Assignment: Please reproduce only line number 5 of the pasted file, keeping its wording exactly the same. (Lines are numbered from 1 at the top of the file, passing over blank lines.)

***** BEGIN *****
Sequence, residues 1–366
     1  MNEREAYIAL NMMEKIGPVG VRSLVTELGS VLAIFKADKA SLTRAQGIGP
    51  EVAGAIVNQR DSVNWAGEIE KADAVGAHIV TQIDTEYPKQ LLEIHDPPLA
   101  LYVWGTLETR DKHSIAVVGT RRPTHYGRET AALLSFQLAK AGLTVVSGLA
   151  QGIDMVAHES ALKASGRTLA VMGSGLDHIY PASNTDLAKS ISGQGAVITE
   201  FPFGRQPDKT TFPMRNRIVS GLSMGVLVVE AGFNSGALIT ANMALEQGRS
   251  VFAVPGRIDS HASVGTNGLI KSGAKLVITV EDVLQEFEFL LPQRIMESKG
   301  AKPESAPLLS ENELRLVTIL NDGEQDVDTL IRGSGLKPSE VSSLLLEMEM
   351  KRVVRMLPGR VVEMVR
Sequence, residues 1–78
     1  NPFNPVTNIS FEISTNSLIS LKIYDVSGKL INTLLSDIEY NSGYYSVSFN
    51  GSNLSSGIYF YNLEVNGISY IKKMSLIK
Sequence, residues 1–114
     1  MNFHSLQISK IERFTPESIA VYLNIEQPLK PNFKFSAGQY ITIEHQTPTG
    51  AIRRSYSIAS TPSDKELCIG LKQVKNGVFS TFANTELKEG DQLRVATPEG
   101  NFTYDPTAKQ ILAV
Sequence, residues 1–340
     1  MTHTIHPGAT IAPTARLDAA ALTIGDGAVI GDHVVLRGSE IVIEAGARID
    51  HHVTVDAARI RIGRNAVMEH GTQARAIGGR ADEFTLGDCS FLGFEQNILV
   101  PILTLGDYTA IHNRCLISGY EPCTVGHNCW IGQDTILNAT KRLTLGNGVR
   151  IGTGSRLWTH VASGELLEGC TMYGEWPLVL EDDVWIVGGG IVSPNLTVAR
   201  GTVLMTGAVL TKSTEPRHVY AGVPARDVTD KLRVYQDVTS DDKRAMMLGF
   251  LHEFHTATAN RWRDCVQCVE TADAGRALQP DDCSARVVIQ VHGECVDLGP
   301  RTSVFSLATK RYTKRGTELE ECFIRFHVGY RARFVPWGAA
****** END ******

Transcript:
   151  QGIDMVAHES ALKASGRTLA VMGSGLDHIY PASNTDLAKS ISGQGAVITE